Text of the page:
Posts Tagged ‘Invisible, Inc.’

The RPS Verdict: Invisible, Inc.

Adam: Invisible, Inc. [official site] is a turn-based stealth game and there is absolutely no reason why turn-based stealth should be a thing that works as well as this does. It is also has procedurally generated tactical cyberpunk environments, which should be occasionally confusing and a pain in the backside but are almost always indistinguishable from hand-crafted puzzles latent with drama and tension.

It’s both our Game of the Month and my favourite game since Crusader Kings II! What do we all think?

Read the rest of this entry »

, , , , , , , .

43 Comments »

Game of the Month: June – Invisible, Inc.

Magazines have front covers, RPS has Game Of The Month. It’s our attempt at whittling down the thick backlog of videogames growing around you into a single, manageable game. The one game you should play if you’ve only time to play one game in the month of June. The one game you must play, even if you have no time to play games at all, because otherwise your peers will laugh at you, your romantic interests will sneer at you, and your trousers will fall down at an inopportune moment like in a bad BBC One comedy.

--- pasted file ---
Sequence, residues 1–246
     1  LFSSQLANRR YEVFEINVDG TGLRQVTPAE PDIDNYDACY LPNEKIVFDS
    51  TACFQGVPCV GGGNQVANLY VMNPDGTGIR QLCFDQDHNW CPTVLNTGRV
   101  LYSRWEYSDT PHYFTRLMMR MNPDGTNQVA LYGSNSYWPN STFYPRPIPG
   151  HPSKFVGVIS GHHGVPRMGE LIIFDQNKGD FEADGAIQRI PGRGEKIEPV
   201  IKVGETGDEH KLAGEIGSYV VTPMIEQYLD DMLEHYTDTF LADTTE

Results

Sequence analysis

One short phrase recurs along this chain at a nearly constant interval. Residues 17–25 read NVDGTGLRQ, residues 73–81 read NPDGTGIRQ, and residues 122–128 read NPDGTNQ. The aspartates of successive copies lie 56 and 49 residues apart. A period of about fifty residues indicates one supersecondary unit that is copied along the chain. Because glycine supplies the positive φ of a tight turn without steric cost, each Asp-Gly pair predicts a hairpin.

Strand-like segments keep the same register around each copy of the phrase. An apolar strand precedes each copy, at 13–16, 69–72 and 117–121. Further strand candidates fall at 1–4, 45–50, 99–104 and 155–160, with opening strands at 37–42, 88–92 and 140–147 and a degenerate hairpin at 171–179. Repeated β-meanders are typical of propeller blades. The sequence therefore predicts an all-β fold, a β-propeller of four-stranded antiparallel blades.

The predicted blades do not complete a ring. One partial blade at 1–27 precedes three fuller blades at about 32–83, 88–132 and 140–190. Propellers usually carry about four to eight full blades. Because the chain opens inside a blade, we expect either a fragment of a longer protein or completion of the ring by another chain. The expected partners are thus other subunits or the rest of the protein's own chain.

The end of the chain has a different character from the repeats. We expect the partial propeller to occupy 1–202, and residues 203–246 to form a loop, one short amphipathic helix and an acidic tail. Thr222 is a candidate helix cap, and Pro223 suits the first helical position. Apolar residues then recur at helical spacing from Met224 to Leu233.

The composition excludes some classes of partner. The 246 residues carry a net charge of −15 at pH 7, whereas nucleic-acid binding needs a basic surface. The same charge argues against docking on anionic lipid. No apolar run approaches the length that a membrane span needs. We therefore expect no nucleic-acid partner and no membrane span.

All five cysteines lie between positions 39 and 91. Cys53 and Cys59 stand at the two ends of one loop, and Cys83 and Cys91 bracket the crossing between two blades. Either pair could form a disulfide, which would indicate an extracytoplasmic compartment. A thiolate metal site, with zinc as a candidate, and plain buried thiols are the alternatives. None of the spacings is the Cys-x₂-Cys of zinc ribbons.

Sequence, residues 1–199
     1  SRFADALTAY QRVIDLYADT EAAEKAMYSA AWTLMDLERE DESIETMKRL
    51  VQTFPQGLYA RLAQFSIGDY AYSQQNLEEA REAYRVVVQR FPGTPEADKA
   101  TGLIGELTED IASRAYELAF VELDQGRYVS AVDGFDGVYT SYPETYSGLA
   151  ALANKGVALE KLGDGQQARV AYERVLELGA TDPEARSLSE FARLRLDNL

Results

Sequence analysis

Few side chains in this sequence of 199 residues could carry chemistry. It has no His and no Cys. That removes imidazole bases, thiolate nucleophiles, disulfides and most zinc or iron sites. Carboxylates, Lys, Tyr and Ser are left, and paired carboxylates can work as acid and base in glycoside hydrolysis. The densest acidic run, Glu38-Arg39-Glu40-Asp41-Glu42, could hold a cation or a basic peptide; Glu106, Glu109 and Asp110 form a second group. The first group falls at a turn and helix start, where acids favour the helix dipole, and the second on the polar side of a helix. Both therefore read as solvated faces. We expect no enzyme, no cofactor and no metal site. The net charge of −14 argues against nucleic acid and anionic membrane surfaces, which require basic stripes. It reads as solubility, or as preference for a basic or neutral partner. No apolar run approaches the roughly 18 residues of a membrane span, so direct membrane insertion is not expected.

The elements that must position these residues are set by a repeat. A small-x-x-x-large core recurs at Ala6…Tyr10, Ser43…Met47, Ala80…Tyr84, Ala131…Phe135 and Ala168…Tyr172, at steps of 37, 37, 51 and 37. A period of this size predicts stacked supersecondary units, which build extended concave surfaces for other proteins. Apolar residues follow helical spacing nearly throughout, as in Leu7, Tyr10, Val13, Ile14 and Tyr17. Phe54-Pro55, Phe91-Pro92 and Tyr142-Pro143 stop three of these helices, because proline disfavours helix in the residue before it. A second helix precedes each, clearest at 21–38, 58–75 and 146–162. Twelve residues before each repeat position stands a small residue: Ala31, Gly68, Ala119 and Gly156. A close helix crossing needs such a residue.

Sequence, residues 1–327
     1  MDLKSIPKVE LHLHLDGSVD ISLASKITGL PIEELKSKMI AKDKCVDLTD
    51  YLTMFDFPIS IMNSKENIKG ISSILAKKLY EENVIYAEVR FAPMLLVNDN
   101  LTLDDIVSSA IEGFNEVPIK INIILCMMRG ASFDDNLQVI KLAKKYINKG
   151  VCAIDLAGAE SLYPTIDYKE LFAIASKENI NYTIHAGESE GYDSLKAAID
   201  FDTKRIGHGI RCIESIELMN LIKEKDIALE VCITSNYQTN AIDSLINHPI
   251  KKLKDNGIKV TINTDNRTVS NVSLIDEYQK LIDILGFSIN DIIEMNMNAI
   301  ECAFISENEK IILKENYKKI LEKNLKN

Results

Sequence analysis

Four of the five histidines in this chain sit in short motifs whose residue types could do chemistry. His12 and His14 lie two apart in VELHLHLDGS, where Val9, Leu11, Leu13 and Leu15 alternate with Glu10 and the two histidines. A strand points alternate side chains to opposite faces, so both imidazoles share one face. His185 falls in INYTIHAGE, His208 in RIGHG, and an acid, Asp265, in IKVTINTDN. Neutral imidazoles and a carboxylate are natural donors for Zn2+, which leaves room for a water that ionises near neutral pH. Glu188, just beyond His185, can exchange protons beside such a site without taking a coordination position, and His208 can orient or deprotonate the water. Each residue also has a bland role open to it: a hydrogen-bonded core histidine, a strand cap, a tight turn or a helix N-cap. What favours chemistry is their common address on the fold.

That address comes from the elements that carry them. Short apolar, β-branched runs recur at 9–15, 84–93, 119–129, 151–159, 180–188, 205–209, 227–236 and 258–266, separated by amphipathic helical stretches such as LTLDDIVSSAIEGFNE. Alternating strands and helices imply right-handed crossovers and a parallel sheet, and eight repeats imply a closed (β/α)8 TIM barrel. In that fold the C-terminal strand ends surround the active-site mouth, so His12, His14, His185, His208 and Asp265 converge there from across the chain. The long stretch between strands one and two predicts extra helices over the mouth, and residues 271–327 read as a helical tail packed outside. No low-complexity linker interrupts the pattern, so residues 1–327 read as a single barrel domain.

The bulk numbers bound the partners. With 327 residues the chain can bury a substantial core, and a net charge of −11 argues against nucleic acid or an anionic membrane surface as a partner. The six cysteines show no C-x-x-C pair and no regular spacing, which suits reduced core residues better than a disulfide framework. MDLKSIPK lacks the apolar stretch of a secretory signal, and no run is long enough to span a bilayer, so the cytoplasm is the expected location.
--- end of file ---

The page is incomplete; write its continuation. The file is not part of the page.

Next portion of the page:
This month: Invisible, Inc. [official site].

Read the rest of this entry »

, , , , , , .

98 Comments »

Wot I Think: Invisible, Inc.

Invisible, Inc. [official site] is a game of “tactical espionage” from the creators of Mark of the Ninja, immediately understandable as XCOM meets Mission Impossible. You control a tiny team of sleuths working to rob the procedurally-generated vaults, server farms and detention centres of four high-tech corporations. In just 72 hours you’ll be taking on a fittingly impossible mission, and failure is not an option. Here’s wot I think.

Read the rest of this entry »

, , , , , , , .

91 Comments »

COGWATCH – 3. Invisible, Inc.

Hey! It’s a new episode of Quinns’ weekly video series in which he examines one mechanic in one game. This week: how Invisible, Inc. structures its levels to increase the depth of its strategy, humanity and emotion. Watch it below!